The Dispossessed takes place over the course of forty years on two twin planets, Urras and Anarres, which are often referred to as each other’s moons. Nearly two centuries before the start of the novel, a faction of Urrasti people who called themselves Odonians—and who rejected the capitalist, “profiteering” values of their home planet—defected to Anarres, where they built a new society on the desert-like planet. Anarres, a hundred and sixty years later, is now a society governed by anarcho-syndicalist principles in which no one owns anything and every Odonian is, in theory, free from state rule, free from possessions, and free from capitalism. Over the course of the book, however, Le Guin complicates—and in many ways dismantles—the concept of “freedom.” Things on Anarres are not as perfect as they seem, and through her epic portrait of a utopian experiment in crisis, Le Guin argues that true freedom may not exist at all.
“To be responsible [for] one another is our freedom,” Shevek tells one of his university friends in the early pages of the novel. In this moment, Shevek and his friends are young and hopeful idealists, committed to the Odonian principles of frugality, humility, and compassion, and completely invested in the idea that the system of Syndicates which keeps Odonian society afloat has been put in place for the good of every Anarresti. Shevek and his friends, in their youth, derive their sense of freedom from enthusiastically participating in the machine of their society, and see the foreign Urrasti ideals of egoism, possession, and wealth as stifling and destructive.
As Shevek grows older, experiences the syndicalist system in practice, and advances as a physicist, however, his concept of freedom begins to change. Shortly after the end of his first labor posting in the dusty desert, Shevek is recommended for a post at the Central Institute of the Sciences in the capital of Abbenay to study under a physicist named Sabul. In Abbenay, Sabul makes Shevek study Urrasti texts and learn the Ioti language. As Shevek delves into his new work, he finds freedom in isolation—though he is at first ashamed and worried that he is egoizing, eventually the “lack of physical labor, of occupation, of social and sexual intercourse [do not] appear to him as lacks, but as freedom.” In contrast to his earlier belief that freedom was responsibility for others, Shevek tentatively begins to believe that true freedom is found in responsibility for himself and his work alone. Here, Le Guin sets the stage for Shevek’s eventual desire to experience a freedom different from that of Odonianism.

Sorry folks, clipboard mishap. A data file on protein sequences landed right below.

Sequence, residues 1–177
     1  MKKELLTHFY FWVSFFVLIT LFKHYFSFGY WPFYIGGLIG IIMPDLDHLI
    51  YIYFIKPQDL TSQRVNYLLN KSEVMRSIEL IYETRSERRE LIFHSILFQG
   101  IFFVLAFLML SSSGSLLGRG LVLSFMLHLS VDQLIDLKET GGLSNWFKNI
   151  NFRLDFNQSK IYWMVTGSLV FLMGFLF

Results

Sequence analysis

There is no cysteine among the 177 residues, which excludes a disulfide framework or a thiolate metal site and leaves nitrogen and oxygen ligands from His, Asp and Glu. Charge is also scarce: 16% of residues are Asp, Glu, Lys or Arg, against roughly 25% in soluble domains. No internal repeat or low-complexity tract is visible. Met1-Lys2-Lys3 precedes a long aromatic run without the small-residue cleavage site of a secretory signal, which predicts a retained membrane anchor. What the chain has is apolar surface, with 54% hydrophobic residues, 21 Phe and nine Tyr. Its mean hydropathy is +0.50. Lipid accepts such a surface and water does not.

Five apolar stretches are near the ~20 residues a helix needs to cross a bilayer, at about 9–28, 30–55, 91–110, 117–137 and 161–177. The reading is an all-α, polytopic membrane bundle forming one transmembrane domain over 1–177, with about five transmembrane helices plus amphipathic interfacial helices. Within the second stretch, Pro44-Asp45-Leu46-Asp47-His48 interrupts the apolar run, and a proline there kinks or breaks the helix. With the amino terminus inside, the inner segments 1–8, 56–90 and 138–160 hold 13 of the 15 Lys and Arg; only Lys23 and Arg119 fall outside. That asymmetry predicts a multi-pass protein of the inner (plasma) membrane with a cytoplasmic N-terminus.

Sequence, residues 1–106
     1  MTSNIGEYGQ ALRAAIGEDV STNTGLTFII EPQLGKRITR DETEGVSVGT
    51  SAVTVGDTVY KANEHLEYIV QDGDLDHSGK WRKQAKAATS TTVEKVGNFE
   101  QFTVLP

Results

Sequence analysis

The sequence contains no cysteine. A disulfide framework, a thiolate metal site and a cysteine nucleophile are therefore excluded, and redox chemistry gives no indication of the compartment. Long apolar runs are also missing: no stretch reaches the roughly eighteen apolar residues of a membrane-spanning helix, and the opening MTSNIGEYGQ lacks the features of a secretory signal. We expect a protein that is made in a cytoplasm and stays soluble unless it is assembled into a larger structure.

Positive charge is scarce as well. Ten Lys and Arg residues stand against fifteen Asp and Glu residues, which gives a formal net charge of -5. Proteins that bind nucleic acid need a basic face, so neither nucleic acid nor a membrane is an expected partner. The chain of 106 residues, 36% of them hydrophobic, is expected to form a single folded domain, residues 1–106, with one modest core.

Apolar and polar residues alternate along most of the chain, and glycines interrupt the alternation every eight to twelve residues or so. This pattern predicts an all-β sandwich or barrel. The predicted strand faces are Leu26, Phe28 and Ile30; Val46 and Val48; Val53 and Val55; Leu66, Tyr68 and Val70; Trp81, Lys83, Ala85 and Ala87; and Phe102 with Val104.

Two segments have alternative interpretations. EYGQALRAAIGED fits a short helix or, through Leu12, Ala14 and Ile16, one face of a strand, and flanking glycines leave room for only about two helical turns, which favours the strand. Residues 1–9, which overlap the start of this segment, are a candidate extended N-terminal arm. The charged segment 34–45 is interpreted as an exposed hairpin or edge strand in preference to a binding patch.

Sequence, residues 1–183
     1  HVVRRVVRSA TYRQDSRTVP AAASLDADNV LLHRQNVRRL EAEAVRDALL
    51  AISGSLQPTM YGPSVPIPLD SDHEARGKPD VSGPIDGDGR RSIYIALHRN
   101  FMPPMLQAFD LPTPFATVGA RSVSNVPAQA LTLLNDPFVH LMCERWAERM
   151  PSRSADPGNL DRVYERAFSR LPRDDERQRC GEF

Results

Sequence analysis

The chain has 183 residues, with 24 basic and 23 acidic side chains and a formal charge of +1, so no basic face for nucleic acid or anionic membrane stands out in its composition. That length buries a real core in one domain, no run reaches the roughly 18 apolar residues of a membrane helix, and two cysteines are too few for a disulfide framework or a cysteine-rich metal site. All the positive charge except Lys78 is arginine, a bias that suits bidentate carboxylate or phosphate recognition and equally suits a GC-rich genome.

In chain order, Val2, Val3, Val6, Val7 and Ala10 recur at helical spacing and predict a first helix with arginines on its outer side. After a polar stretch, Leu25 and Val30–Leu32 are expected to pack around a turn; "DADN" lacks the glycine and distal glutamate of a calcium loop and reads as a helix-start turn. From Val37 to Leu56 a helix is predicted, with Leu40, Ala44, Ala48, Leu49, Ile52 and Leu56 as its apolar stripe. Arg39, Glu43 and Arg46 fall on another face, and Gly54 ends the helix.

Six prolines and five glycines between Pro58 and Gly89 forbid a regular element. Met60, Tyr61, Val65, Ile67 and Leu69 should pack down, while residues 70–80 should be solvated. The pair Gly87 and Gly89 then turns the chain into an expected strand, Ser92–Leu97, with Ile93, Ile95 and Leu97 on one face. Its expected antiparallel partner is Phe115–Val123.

Over the course of the next several years, Shevek finds himself torn again and again between responsibility to his work and responsibility to his fellow Odonians, and encounters hypocrisy and subterfuge at several levels of Odonian society. In conversations with his partner Takver and his childhood friend Bedap, Shevek begins to realize that the anarcho-syndicalism which governs Anarresti society has in effect become a trap. Odonians are no longer truly free, as they are constantly pulled away from their jobs, lives, and partners to go off on rotating work assignments, and yet are prevented from ever finding true satisfaction in the work they do—Shevek is constantly told that his research in the field of temporality is egoistic and unimportant, and frequently has his research co-opted by Sabul. All of this compounding frustration and disillusionment builds up over the years, and eventually Shevek and Bedap form their own syndicate—the Syndicate of Initiative—whose goal is to establish communication with, and possibly offer asylum to, a splinter group of self-proclaimed Odonians trapped in the war-torn Urrasti state of Benbili.